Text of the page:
|Full Title:||Vowel Reduction and its Phonological Consequences|
|Start Date:||10-Sep-2017 - 13-Sep-2017|
|Meeting Email:||click here to access email|
|Meeting Description:||The workshop will investigate the processes of vowel reduction and loss and their phonological and morphonological consequences in the cross-linguistic and general theoretical perspective.
Vowel reduction and loss is a cross-linguistically frequent phenomenon, but its full typological properties have yet to be discovered. In many language descriptions, this phenomenon is simply stated as a fact, with little further interrogation of its causes, mechanisms or consequences. However, ongoing reduction can be a challenge for the synchronic phonological description of a language, especially a non-standardized one without a literary tradition. For some major language groups (Slavic, Romance, Germanic, Greek, Finno-Ugric) there exists a long tradition of research on reduced vowels, where most often their phonotactic properties, relation to stress and full vowels, and acoustic features are studied.
Works taking a cross-linguistic and general theoretical approach to vowel reduction and loss are however scarce. There are few comparative phonetic studies in this field, and phonological surveys (Crosswhite 2001, Barnes 2006) mostly tackle qualitative, but not quantitative reduction. Vowel reduction is typically defined as a positional neutralization of vowel contrast. However, it does not necessarily result in the neutralization, e.g. a contrast of long and short vowels can be transformed into a contrast of reduced and short vowels. Not yet enough is known about the exact changes in structure of a phonetic pool of variation during ongoing reduction, as well as the correlation between production and perception/categorization of reduced vowels.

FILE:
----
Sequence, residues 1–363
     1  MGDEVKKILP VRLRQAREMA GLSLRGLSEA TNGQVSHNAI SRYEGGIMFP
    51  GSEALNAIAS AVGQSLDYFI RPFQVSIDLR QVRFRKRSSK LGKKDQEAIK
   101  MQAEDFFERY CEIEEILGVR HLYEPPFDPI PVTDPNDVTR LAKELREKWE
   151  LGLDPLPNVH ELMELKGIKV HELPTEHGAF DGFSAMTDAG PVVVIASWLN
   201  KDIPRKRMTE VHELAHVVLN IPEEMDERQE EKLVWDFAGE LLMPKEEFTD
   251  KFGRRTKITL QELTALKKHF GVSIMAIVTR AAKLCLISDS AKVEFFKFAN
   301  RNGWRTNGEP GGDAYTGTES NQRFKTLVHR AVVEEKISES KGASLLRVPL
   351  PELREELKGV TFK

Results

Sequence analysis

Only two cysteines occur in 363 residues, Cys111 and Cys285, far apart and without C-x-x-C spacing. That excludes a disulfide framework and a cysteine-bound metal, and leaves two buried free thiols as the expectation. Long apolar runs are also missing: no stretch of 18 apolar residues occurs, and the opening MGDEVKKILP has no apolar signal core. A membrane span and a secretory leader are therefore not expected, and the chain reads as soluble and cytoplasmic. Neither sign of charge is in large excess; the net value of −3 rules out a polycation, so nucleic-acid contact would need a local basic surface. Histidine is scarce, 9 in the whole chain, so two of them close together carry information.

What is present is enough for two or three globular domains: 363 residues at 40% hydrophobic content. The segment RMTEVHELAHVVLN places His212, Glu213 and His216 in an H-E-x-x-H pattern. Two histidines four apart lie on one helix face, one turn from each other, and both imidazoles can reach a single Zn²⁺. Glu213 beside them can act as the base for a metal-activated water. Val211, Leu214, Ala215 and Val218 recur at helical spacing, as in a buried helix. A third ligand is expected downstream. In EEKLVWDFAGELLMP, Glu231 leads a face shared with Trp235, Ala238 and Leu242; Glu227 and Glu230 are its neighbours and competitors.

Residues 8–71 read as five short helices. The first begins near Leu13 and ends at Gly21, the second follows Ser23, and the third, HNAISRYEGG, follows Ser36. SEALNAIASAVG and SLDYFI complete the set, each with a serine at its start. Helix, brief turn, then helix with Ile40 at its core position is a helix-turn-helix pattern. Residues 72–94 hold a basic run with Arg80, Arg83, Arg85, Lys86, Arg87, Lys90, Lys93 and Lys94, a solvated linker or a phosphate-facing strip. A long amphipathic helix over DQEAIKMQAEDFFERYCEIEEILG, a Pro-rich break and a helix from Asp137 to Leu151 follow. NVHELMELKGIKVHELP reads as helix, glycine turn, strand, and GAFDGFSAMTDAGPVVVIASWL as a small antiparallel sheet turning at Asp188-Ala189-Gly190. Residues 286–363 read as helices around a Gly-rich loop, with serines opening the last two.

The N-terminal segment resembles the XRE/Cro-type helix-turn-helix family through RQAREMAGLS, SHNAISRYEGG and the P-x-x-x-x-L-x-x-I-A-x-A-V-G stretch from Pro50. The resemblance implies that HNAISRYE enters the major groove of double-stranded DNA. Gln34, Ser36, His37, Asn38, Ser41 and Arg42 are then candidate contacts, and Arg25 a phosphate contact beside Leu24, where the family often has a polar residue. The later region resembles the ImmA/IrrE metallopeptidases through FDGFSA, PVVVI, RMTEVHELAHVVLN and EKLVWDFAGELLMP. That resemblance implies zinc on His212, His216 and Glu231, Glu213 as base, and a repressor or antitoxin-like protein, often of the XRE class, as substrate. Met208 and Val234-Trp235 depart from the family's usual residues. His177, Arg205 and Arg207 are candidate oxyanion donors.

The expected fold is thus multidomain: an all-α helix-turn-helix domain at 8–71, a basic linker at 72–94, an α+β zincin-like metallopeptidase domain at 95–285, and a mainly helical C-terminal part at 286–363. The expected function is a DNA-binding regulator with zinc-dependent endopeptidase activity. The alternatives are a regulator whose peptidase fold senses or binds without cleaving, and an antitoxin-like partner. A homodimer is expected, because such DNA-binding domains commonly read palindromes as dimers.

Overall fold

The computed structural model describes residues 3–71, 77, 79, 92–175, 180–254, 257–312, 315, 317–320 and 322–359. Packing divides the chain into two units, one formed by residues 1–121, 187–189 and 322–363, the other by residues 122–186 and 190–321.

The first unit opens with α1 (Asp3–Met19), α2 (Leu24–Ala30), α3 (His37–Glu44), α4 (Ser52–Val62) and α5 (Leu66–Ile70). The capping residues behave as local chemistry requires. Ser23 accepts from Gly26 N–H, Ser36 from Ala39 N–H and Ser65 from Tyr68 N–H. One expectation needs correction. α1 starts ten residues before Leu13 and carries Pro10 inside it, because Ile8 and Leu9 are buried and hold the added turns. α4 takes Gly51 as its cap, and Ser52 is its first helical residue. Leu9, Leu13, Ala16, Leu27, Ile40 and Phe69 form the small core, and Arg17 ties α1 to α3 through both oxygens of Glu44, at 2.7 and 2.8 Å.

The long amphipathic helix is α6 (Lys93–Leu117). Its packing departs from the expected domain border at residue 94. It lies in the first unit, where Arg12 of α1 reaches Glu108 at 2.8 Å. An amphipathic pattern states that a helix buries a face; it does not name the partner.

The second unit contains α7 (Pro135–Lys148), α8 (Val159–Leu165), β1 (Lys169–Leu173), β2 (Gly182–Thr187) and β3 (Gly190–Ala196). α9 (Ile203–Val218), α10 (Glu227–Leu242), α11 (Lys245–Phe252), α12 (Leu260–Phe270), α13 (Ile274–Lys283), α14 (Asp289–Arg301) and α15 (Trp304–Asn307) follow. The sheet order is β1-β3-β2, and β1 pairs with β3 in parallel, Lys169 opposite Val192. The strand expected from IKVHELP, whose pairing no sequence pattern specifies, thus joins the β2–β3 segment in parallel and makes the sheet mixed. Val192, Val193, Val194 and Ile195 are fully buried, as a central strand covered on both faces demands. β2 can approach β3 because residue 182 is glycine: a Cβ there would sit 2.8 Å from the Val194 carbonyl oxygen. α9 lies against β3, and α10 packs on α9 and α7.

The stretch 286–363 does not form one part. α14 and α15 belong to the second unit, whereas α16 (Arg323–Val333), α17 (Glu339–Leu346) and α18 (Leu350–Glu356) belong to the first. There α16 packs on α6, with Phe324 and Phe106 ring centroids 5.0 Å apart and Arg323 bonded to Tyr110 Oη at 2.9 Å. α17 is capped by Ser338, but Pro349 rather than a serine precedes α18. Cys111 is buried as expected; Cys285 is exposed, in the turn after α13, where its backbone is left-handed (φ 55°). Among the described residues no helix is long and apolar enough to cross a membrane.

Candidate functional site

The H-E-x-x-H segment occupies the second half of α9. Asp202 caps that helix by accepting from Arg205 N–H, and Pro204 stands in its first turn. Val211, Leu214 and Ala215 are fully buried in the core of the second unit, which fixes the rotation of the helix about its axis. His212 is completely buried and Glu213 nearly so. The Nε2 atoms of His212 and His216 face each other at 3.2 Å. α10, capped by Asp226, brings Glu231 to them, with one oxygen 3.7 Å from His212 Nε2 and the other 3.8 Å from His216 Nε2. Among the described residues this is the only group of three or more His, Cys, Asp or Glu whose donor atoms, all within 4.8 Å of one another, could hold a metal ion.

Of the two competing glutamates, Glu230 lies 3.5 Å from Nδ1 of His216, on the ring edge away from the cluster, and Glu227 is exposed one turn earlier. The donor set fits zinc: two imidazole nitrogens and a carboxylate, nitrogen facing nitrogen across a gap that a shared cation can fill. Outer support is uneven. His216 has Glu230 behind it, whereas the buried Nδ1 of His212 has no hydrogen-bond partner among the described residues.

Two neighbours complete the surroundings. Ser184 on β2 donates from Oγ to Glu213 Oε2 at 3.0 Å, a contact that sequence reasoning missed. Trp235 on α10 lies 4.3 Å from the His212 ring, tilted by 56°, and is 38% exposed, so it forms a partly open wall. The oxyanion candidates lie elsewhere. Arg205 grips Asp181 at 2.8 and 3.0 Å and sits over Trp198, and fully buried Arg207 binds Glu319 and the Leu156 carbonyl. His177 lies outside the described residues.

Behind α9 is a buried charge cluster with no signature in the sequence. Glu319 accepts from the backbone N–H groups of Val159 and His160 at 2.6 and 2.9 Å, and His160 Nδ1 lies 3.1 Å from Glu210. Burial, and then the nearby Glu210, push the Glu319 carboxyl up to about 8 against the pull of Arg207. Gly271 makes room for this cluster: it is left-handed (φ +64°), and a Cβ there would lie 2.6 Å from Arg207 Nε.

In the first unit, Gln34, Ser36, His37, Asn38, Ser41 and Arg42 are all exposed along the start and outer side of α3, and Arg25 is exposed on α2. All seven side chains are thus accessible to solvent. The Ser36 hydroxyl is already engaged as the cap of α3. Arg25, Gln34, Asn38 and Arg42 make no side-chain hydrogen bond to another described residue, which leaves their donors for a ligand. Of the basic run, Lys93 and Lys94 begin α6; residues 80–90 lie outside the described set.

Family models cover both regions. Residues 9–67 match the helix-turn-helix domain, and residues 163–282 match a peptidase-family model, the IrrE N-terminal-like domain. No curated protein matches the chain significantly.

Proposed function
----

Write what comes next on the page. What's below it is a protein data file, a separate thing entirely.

Much work remains to be done on the typology of the consequences for phonology and morphology of vowel reduction and loss. What types of vocalic and consonantal systems are likely to emerge in languages which have undergone strong reduction and/or widespread loss of vowels? Under the same phonetic conditions, why do we often observe asymmetries in the outcomes of loss of vowels of different quality (as in Russian or Irish)?
There is also still no consensus about the physiological origins and phonetic mechanisms of vowel reduction. Is formant undershoot always the function of decrease in vowel duration (Lindblom 1963)? Is there a conflict between the needs to reduce prominence and to enhance contrast (Harris 2005)? What is the balance between the needs of speakers and listeners in the course of reduction?
Cormac Anderson (Department of Linguistic and Cultural Evolution, Max Planck Institute for the Science of Human History, Jena), e-mail: firstname.lastname@example.org
Natalia Kuznetsova (Institute for Linguistic Research, Russian Academy of Sciences, St. Petersburg), e-mail: email@example.com
|Linguistic Subfield:||Phonetics; Phonology; Typology|
| This is a session of the following meeting:
50th Meeting of the Societas Linguistica Europaea
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